Being a reality star doesn’t qualify you as an entertainer nor as president



Brent PaxtonIn modern times, we have the luxury of witnessing history being made through mass and social media. We can watch a presidential candidate’s every move on the campaign trail or see our favorite reality stars’ lives play out on camera, whether it be staged or not. The Internet, television, extended cable and the 24-hour news cycle have dramatically increased the world’s ability to see, hear and experience every conceivable reality on earth.

It started with radio. Then came television, giving viewers the ability to see and hear what was happening all around the world as it was happening. Both radio and television dramatically changed not just national life, but home life. The living room would never be the same.

Now the Internet has taken the top spot for audience and engagement, due in large part to social media. However, instead of one medium usurping the other, they’ve reached a point of synergy, wherein media use all of their outlets together to achieve their goal: to entertain, to inform, to influence and (most importantly) to sell.

Since content online is so high in volume, it can seem like an assault, an onslaught of material that is impossible to sort through. Therefore, we edit. We edit ourselves, and we allow the content providers and powers that be to edit for us. But it’s all of us, together, who collectively drive the machine. After all, we won’t continue to consume that which we don’t want.

There are plenty of failed attempts to sell the pubic on something that was flatly rejected; think about the Internet’s (and box office’s) rejection of an all-female Ghostbusters cast or the public’s (and Congress’) resistance to Barak Obama’s gun control measures. Ultimately, it is “the people” who decide when and where change happens.

It’s very democratic at its best, but at its worst, dangerously ill-informed herd-like behavior. As Winston S. Churchill once said, “The best argument against democracy is a five-minute conversation with the average voter.”

These democratic decisions collectively made by a society result in what television shows continue to air, who we hold to high esteem, who makes the covers of magazines, which type of movies continue to get made, which companies get our money and — most importantly — who runs our country.

Today, we can see where our national values lie based on what is being produced by the media and subsequently consumed by the public. If an alien from outer space were to land in the United States he/she/it might mistakenly — or maybe accurately? — assume that Kim Kardashian is our most revered citizen, that twerking is the national dance and that Donald Trump is what we consider presidential material.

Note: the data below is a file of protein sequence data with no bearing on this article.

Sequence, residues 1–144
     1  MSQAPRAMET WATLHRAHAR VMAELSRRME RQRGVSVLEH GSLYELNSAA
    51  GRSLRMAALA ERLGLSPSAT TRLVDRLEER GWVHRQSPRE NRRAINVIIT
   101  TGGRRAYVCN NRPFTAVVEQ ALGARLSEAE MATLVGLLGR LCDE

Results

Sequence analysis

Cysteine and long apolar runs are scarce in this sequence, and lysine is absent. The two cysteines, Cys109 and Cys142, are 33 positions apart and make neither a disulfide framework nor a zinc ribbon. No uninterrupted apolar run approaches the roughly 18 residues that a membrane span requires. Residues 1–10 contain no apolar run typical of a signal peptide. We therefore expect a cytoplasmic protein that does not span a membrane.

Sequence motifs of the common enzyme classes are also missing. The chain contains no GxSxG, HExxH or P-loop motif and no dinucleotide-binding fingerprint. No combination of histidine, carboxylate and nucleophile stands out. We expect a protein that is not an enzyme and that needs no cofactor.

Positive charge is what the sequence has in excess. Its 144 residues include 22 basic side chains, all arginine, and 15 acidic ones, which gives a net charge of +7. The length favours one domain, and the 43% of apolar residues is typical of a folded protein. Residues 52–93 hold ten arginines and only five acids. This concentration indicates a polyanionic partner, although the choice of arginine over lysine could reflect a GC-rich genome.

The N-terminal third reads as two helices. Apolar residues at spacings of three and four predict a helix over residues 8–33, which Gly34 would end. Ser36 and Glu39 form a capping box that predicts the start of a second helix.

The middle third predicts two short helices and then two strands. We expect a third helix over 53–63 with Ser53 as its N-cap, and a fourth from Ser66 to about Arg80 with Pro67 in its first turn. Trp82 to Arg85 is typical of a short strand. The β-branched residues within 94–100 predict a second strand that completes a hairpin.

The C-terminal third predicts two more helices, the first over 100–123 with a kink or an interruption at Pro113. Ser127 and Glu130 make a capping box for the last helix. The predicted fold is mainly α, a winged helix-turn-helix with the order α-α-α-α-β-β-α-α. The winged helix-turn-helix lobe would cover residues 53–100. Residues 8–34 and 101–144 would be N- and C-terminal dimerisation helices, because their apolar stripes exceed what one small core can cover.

Just like that alien, our children are entering the world fresh-faced and bright-eyed, absorbing everything around them.

Are these really the messages we want them to hear?

Like Kim Kardashian, Donald Trump is on television at any given moment, ever so slightly influencing us through words and action. Thousands of videos are available at our fingertip to show what Kim and Donald are up to, who they are feuding with. The news headlines are full of Kim’s feud with Taylor Swift and with Trump’s latest ill-informed rants about Hillary’s supposed incompetence.

Trump and Kim Kardashian are similar in that they symbolize a shift in definitions, priorities and what we’re willing to accept as national news. Kim represents our changing definition of what it means to be an entertainer; Donald highlights our acceptance of entertainers and businessmen as politicians (or our inability to know the difference).

Neither Kim nor Donald is very good at what their supposed roles — entertainer or politician — traditionally imply. But both, for some reason, continue to mesmerize the public. Kim can’t — won’t? — sing or act or dance. Donald does not seem to know or care to learn about issues that previously seemed like prerequisite knowledge for an American president.  And still, Americans gobble up the news on gossip websites about Kim’s new haircut or booty pic, while major news outlets run months-long coverage of Donald Trump’s controversial tweets.

What brought us to the point? Is it a good place to be?

I say no. And I say that both Kim Kardashian and Donald J. Trump are the result of an American public that is becoming increasingly fickle and ill-informed about national issues and what we consider art.

The Kardashians of the world for many people. And I understand the escapism that those people seek by incessantly following reality stars’ every move.

But we cannot apply that same frivolity to the race for president of the United States, or to any democratic election at any time. Following Donald Trump on Twitter does not make you informed on the issues of the day; just like hosting the Miss Universe pageant doesn’t make you an expert on foreign policy – an argument Trump has tried to make.

So, I passionately implore all voters to inform themselves on the issues at hand and truly consider the decision we are about to make. I hope that drawing the connection between our national obsession with Donald Trump and Kim Kardashian will help you draw the line between an unqualified entertainer and a life-long public servant.

This article appeared in the Dallas Voice print edition August 26, 2016.